Response Detection of Castrate-Resistant Prostate Cancer to Clinically Utilised and Novel Treatments by Monitoring Phospholipid Metabolism.
Smith TAD., Phyu SM., Alzyoud KS., Tseng C-C.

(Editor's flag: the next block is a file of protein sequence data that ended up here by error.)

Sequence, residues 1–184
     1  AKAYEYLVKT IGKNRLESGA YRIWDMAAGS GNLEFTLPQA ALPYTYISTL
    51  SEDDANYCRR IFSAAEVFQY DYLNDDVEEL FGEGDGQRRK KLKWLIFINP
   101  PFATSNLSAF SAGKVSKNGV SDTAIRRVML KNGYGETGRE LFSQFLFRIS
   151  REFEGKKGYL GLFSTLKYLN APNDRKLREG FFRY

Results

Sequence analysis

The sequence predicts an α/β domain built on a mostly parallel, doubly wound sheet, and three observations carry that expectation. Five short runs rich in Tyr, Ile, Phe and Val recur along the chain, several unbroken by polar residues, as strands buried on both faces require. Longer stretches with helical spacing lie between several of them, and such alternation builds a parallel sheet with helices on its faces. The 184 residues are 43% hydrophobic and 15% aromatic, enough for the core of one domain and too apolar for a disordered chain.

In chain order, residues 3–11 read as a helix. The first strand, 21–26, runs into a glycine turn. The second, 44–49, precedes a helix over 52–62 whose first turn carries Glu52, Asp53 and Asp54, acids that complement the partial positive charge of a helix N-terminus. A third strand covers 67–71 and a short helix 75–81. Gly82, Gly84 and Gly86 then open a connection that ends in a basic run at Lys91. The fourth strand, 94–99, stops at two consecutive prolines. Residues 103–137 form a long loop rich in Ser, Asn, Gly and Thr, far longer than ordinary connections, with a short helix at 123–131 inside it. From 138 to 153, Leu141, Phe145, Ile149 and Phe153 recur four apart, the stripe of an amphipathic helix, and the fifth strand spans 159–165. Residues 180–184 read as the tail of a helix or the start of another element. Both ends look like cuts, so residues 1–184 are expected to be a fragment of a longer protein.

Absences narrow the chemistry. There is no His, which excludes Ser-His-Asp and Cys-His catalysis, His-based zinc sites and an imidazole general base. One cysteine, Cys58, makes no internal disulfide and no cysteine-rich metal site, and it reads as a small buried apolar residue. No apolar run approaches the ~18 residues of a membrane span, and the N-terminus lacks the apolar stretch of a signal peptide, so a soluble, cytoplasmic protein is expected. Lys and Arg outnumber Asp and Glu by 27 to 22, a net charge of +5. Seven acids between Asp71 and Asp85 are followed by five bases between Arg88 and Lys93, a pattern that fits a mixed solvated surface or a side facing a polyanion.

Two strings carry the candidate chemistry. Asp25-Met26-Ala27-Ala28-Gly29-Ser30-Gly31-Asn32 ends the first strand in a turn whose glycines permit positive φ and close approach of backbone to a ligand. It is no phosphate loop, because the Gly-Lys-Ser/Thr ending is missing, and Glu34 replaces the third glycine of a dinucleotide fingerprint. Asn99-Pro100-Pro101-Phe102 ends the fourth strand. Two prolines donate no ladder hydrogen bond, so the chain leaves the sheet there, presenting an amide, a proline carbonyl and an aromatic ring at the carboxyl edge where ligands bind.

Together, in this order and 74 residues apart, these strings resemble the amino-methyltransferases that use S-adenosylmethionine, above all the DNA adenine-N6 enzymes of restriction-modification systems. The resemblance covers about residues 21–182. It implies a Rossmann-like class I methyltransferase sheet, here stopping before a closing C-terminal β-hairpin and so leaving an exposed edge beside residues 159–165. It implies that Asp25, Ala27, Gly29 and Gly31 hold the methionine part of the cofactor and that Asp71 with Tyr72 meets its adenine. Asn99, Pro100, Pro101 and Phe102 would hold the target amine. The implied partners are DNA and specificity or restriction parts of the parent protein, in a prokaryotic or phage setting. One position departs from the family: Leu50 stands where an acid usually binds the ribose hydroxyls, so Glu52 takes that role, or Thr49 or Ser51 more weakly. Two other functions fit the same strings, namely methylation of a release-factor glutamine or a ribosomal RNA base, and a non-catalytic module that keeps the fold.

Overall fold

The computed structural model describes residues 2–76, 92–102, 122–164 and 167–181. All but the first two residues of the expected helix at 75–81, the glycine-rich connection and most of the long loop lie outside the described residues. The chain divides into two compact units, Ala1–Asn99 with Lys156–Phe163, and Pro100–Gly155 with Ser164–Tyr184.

Androgen receptor (AR) activation is the primary driving factor in prostate cancer which is initially responsive to castration but then becomes resistant (castration-resistant prostate cancer (CRPC)). CRPC cells still retain the functioning AR which can be targeted by other therapies. A recent promising development is the use of inhibitors (Epi-1) of protein-protein interaction to inhibit AR-activated signalling. Translating novel therapies into the clinic requires sensitive early response indicators. Here potential response markers are explored. Growth inhibition of prostate cancer cells with flutamide, paclitaxel, and Epi-1 was measured using the MTT assay. To simulate choline-PET scans, pulse-chase experiments were carried out with [3H-methyl]choline and proportion of phosphorylated activity was determined after treatment with growth inhibitory concentrations of each drug. Extracts from treated cells were also subject to 31P-NMR spectroscopy. Cells treated with flutamide demonstrated decreased [3H-methyl]choline phosphorylation, whilst the proportion of phosphorylated [3H-methyl]choline that was present in the lipid fraction was increased in Epi-1-treated cells. Phospholipid breakdown products, glycerophosphorylcholine and glycerophosphoethanolamine levels, were shown by 31P-NMR spectroscopy to be decreased to undetectable levels in cells treated with Epi-1. LNCaP cells responding to treatment with novel protein-protein interaction inhibitors suggest that 31P-NMR spectroscopy may be useful in detecting response to this promising therapy.